From drawing-rooms to Wessex wilds
Catherine Pepinster sees Austen make way for Hardy on television
Tonight BBC2 broadcasts its pounds 3m film adaptation of The Return of the Native, starring Catherine Zeta Jones, Clive Owen and Joan Plowright. It marks the start of a year of Hardy drama. Just as 1995, with its phenomenally successful adaptations of Persuasion and Pride and Prejudice, and the filmings of Emma and Sense and Sensibility was the year of Austen, so 1996 will be the year of the Wessex novelist and poet.
As well as the BBC's New Year's Eve production, two more Hardy novels will hit the screen next year. Jude the Obscure, the story of ill-fated lovers pursuing happiness against a background of poverty and convention in Victorian Britain, which the BBC is co-funding, will be given a cinema release in the autumn. Starring Christopher Eccleston and Kate Winslet, it is the story of Jude Fawley, a stonemason with intellectual aspirations who is seduced into marriage. When his wife, Arabella, abandons him, he falls in love with Sue Bridehead, already married to a schoolmaster. But she runs away to join Jude in an illicit union that ends in tragedy.
Also in the autumn, a pounds 4m production of the less well-known Hardy novel The Woodlanders is due for release, starring young heart-throb actors Linus Roache and Rufus Sewell.
The dramatisation of classic novels, which for years was dropped in favour of more contemporary drama, has made a remarkable comeback in recent years. The BBC's versions of George Eliot's Middlemarch and Dickens's Martin Chuzzlewit both gained huge audiences. But the most successful of all was the corporation's version of Pride and Prejudice, which, with its dashing hero Darcy and the self-possessed Elizabeth Bennet, caught the nation's imagination.
The contrast between Hardy and Austen could not be more marked. While Austen uses wit to devastating effect in the drawing rooms of England, Hardy wrote of man's deepest passions, amid the remarkable countryside of Wessex, far from the fashionable concerns of the metropolis.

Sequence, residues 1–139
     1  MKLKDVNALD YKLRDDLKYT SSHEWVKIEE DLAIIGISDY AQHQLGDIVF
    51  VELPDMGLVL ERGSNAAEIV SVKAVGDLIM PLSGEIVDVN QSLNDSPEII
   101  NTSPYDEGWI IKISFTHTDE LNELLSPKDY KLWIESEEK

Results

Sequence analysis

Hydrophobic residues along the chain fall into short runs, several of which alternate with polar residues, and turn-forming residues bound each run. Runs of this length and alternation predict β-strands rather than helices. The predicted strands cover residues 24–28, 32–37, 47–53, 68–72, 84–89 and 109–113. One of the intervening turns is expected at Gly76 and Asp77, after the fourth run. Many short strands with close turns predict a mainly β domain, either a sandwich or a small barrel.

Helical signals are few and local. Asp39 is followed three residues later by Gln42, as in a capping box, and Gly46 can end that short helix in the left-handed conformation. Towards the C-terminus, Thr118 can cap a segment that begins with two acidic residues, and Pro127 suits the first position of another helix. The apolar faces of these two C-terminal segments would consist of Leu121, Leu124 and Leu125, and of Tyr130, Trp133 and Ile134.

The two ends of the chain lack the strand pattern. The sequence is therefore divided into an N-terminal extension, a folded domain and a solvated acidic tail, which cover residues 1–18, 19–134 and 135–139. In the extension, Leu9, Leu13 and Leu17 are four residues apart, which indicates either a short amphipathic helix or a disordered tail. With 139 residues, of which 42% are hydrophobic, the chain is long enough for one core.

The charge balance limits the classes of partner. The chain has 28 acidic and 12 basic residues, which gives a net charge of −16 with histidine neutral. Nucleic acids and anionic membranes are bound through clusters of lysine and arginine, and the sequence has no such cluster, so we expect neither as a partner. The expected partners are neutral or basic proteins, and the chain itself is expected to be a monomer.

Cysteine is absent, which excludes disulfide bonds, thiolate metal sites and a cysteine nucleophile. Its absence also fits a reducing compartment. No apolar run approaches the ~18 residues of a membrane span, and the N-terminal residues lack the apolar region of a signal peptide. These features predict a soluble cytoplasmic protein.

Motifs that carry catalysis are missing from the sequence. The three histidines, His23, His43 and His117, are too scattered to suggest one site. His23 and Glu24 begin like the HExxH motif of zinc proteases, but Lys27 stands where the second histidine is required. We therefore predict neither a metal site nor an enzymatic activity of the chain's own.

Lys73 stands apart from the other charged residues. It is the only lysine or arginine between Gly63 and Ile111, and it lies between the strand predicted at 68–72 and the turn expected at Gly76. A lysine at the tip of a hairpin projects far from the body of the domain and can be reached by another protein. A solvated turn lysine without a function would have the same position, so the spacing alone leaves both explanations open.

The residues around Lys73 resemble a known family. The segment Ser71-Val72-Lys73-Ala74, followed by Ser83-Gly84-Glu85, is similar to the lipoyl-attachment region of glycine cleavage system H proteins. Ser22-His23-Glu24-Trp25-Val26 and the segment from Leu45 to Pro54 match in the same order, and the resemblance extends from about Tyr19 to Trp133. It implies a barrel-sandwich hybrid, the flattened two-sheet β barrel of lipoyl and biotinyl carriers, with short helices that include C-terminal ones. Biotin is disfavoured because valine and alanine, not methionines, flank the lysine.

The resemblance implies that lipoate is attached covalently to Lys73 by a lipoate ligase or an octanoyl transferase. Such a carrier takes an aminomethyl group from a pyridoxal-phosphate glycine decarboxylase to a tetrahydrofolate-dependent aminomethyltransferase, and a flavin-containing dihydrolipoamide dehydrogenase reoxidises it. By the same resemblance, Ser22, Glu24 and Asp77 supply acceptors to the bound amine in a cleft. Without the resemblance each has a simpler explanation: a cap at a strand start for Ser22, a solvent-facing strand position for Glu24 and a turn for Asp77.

Judith Stinton, an expert on Hardy, believes the author can win the hearts of the viewing public with his accounts of young people who are often dealt a cruel hand by fate just as they think all that life offers is within their grasp.
"They are atmospheric, well-constructed and visually very strong novels," she said. "Powerful female characters like Eustacia Vye will, I'm sure, appeal to the viewing public."
Andrew Eaton, producer of Jude the Obscure, says he and director Michael Winterbottom were drawn to the book by its strong plot and essentially modern concerns. "The whole issue of getting an education to better oneself, as Jude does, is as relevant a theme today as it was in Hardy's time," he said.
A clear difference between these latest films of Hardy novels and the Austen productions is that film-makers have turned to Hardy's less well- known works.
Hardy's poetry has remained appreciated by poets and public alike, and his work is steadily in print. Tess of the D'Urbervilles and Far from the Madding Crowd are among libraries' most frequently borrowed novels, and were made into successful movies by John Schlesinger and Roman Polanski.
However, Jude, The Return of the Native and The Woodlanders are not as well known to the average reader, even though they are highly regarded.
"We only sell 25 copies a year of these novels," said Simon Key of the Waterstone's bookshop in London's Charing Cross Road. "But the same was true of Pride and Prejudice. Since it was on television and so many people fell for Darcy and Elizabeth Bennet, we have sold between 500 and 600 copies in this one shop alone."
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